An Experiment In Front End Geometry

Introduction: As the geometry evolves for 29″ers, riders have been getting increasingly more aware of front end geometry, especially as it pertains to forks. Offset and axle to crown measuremens are topics du jour, while head angle charts are consulted like the newspapers latest astrological section. What does it really all mean? Does this stuff matter all that much. (Actually, that is a totally valid question) What happens when fork “A” gets mated to frame “B”? Will my bicycle become a wheelbarrow or a twitchy track bike? Hopefully the following posts concerning my forays into this nebulous world of front end geometry will help to clear some things up for some of you.

On One Carbon Superlight fork

The Set Up: I decided that in order to figure out what might result from swapping out forks that I would use one bike. This bike would get several fork swaps throughout the summer and I would report on each forks effects on said “one bike”. That bike is the OS Bikes Blackbuck. I also decided that for the most part I would stick with rigid forks, since there will be less variables with rigid forks versus suspended forks. (Although I will use a couple suspended forks as well) Along with the different forks, I will also detail out the different equipment and fit changes I needed to make to keep my relative seated posistion correct. All forks will be fitted with the same Avid BB-7 disc caliper with a 185mm rotor. I will also be using a Titec H-Bar, Avid levers, and Ergon grips throughout the test with various Salsa CroMoto stems to help achieve proper fit. The head set will be a Chris King No-Thread head set.

OS Bikes Blackbuck

I will periodically update the test with new posts. The first in this series will be on the initial set up. Then we will get into the following fork swaps afterwards. I will also touch upon my past experimenting with an On One 29″er where I swapped out the stock fork for a Bontrager Switchblade. Stay tuned for the first part in this series coming soon.

In the meantime, please leave any questions or comments in the comment section. I’ll be sure to address each one if I can.

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No Responses to “An Experiment In Front End Geometry”

  1. James Slemboksi Says:

    I’m excited to see what you come back with.

  2. XchokeX Says:

    I’d like to see the difference between running a stock suspension-corrected fork, such as on a Karate Monkey, with a non-corrected fork. If any of those exist outside of the XXIX fork.

  3. Guitar Ted Says:

    XchokeX: You will get to see that early on in this series. Stay tuned!

  4. Steve Says:

    I have an On One carbon fork matched up to a Soma Juice, which I believe is very similar in numbers to the KM. Even though you’re using a different bike I’ll be very interested to see how this pans out!

  5. Lee T Says:

    As Fisher fan, I am looking to get close to the handling of my HIFi 29er and Superfly (both G2s) with a Ferrous 1×9 rigid – anything in your test to point the way on that?

  6. Tbone Says:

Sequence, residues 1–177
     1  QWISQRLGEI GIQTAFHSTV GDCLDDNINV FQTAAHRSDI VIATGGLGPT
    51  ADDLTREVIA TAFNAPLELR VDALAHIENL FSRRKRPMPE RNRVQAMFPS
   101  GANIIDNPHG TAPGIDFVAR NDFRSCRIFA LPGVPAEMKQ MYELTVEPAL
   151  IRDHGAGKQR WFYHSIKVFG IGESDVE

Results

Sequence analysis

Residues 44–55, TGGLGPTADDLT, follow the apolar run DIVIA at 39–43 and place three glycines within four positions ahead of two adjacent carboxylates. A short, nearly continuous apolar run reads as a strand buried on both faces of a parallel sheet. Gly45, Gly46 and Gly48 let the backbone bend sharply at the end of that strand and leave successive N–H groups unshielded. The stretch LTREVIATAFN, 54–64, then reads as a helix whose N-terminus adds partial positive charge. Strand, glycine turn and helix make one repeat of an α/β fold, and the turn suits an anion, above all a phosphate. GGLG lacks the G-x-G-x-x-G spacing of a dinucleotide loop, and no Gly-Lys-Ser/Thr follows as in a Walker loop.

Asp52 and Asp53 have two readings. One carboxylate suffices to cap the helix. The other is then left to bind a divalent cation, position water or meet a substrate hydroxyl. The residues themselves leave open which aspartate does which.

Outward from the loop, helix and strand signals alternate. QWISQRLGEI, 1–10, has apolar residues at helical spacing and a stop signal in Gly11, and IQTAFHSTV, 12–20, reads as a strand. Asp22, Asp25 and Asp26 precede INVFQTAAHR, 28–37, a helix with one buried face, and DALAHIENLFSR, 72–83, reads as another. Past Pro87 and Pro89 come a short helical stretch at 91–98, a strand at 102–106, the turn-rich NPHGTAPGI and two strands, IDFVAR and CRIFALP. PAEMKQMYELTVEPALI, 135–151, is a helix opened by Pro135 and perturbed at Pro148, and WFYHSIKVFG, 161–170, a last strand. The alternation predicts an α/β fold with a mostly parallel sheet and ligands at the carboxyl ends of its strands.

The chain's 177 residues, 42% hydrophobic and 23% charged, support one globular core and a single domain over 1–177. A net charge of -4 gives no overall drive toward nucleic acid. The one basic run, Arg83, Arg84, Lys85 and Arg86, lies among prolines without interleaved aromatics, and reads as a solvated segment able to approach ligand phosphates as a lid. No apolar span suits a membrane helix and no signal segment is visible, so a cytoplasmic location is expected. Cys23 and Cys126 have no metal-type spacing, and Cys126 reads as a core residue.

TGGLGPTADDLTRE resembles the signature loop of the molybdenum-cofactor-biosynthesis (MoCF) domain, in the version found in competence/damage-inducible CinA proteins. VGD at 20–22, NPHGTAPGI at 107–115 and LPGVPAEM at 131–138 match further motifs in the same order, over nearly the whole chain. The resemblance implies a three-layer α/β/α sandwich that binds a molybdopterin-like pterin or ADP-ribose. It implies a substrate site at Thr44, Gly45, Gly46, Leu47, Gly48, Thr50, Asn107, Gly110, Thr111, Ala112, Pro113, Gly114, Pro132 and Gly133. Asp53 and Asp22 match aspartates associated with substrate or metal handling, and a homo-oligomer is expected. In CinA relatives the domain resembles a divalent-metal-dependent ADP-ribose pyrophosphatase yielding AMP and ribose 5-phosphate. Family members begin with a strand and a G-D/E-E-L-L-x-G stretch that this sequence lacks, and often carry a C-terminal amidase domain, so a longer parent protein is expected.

EXCELLENT idea.

  7. alistair Says:

    I realise this is a geometry test, not a ‘how much trail bumps does it smooth’ test … however I am interested to know the difference in ride characteristics between my standard avanti kiss/raleigh XXIX non suspension corrected fork and something like an on-one carbon fork.

    I really love riding the rigid front on my kiss but sometime it all gets a bit out of hand, I am hoping longer suspension corrected forks would absorb more of the harshness?

    Of course a new longer fork would mean a new frame, I guess I can handle that ๐Ÿ™‚

  8. Cloxxki Says:

    @Lee T,
    I think you are trying to do the impossible.
    To slacken the headtube angle to the G2 spec requires a looooong, yet rightfully inexistent fork. Or (the horror!) a 26″ rear wheel, and then some. But that would lower the BB.
    And then it will have to have the G2-spec 51mm or so offset. In the process, the top tube on your Ferrous will be effectively an inch or more shorter.
    Ferous can be a great bike in its own way. If you really prefer the G2 approach for handling, rid yourself of the frame and fork, and find a replacement that closer matches it. Like the Redline Flight. It a bit like the middle way between mainstream and G2, in a good way if I do say so myself (I was allowed to help design it, using my same philosophy which Fisher later tested extensively to come to in some ways even more extreme set of numbers.

    @Steve,
    if your Soma was built to have 72degree head tube ange around a ~468-470mm long fork, it’s indeed the KM copy I remember it to be be. KM has the same figures as an On-One (same comment applies as on the Redline, just not the philosophy, I had my diry hands in it), just the On-One got a modest 4mm more offset to spice things up, so newbies and journalists would be amazed about its big wheeled quickness, and that worked.

  9. Guitar Ted Says:

    Steve: I think you might find my first report interesting. ๐Ÿ˜‰

    Lee T: I have to say that you may need to go into a different mode of thinking on your Ferrous. Stay tuned and see what happens with my rig through the various permutations and I think you will have a clearer idea of where to go on your rig.

    Tbone: Thanks. I hope you enjoy it.

    alistair: Excellent notion. I may include a box that ticks off a few ride characteristics of each fork. Why not? I’ll be riding them and writing about them anyway, right? ๐Ÿ™‚

    Cloxxki: I’ll be interested to read your reactions to some of these forks. Thanks for checking in, as always. ๐Ÿ™‚

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